Background: Patients in the United States suffer harm too often as they move between sites of health care, and their caregivers experience significant burden. Unfortunately, the usual approach to health care does not support continuity and coordination during such “care transitions” between hospitals, clinics, home or nursing homes. Poorly managed patient care transitions can lead to worsening symptoms, adverse effects from medications, unaddressed test results, failed follow-up testing, and excess rehospitalizations and emergency room visits.
Objectives: To identify which transitional care services and outcomes matter most to patients and caregivers, evaluate the comparative effectiveness of ongoing multi-component efforts at improving care transitions, and develop recommendations on best practices for the design, implementation and large-scale national spread of highly effective, patient-centered care transition programs.
Methods: We will use qualitative and quantitative methods, including site visits, surveys, and clinical and claims data to study historical, current, and future groups of patients, caregivers, and providers. The comparators will be hospitals and communities that have implemented different clusters of transitional care interventions. We will study diverse patient populations such as older adults, individuals with multiple chronic diseases, patients with low health literacy/numeracy and limited English proficiency, racial and ethnic minority groups, low-income groups, residents of rural areas, and individuals with special healthcare needs, including those with disabilities.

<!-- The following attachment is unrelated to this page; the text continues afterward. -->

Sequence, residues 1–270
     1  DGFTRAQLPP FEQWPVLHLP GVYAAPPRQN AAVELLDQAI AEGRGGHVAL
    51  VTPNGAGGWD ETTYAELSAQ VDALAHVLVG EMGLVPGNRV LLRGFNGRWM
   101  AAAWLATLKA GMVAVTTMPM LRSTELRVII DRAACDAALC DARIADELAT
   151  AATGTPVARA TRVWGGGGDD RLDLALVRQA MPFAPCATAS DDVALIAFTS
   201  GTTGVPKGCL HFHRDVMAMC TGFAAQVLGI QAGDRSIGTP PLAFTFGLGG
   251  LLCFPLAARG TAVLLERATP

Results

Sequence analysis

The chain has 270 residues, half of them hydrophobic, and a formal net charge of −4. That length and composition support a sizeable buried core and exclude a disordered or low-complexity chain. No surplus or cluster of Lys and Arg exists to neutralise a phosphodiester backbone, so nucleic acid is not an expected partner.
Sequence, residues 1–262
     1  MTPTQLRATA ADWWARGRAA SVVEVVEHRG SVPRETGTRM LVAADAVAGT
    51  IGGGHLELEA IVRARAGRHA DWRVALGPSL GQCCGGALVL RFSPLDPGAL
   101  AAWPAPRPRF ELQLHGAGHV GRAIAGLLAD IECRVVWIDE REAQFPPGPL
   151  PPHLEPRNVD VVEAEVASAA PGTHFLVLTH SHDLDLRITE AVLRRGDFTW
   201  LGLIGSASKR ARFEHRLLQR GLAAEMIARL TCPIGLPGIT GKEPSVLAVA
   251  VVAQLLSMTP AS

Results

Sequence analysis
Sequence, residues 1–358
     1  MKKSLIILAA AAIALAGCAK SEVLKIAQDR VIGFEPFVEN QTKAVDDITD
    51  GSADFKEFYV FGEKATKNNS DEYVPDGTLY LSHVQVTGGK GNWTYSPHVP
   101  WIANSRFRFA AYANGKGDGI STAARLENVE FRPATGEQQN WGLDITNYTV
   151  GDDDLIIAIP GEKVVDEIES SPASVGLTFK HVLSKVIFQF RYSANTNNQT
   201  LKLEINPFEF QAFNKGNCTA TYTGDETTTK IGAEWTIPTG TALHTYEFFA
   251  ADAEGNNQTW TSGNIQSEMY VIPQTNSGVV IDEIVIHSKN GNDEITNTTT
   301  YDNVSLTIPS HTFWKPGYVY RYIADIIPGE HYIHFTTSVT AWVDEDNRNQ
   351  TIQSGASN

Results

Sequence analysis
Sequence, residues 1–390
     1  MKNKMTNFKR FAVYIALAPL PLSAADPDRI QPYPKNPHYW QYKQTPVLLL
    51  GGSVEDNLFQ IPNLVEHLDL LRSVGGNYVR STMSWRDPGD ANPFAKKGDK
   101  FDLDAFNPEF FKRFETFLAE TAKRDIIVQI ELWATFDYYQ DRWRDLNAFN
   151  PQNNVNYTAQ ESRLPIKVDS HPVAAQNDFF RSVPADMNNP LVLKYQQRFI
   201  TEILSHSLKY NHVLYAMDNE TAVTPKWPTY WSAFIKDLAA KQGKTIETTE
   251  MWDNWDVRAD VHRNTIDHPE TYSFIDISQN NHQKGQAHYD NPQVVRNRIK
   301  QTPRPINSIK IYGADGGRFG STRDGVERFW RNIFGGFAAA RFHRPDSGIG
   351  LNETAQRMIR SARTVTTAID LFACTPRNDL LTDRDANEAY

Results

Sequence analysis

Patient-Centered Outcomes: Preliminary outcomes will include patient experience, patient reported health outcomes, patient utilization of health services (30-day emergency room visits, 30-day rehospitalizations), adverse drug events, and caregiver experience.
Patient and Stakeholder Engagement: This study combines the expertise of patients, caregivers, and stakeholders with national leaders in care transition research.
Anticipated Impact: This study will provide tools for hospitals, community-based organizations, patients, caregivers, clinicians and other stakeholders to help them make informed decisions about which transitional care services are most effective and how best to implement them in the context of their own community.
Naylor MD, Shaid EC, Carpenter D, et al., Components of Comprehensive and Effective Transitional Care, Journal of the American Geriatrics Society (June 2017).
Hogan WR, Hanna J, Hicks A, et al., Therapeutic indications and other use-case-driven updates in the drug ontology: anti-malarials, anti-hypertensives, opioid analgesics, and a large term request, Journal of Biomedical Semantics (March 2017).
Shen E, Koyama SY, Huynh DN, et al., Association of a Dedicated Post-Hospital Discharge Follow-up Visit and 30-Day Readmission Risk in a Medicare Advantage Population, JAMA Internal Medicine (January 2017).
Li J, Brock J, Jack B, et al., Project ACHIEVE Team. Project ACHIEVE - using implementation research to guide the evaluation of transitional care effectiveness, BMC Health Services Research (February 2016).
In Care Transitions, a Chance to Make or Break Patients' Recovery - A narrative on what happens when patients are harmed by poorly executed transitions between healthcare settings.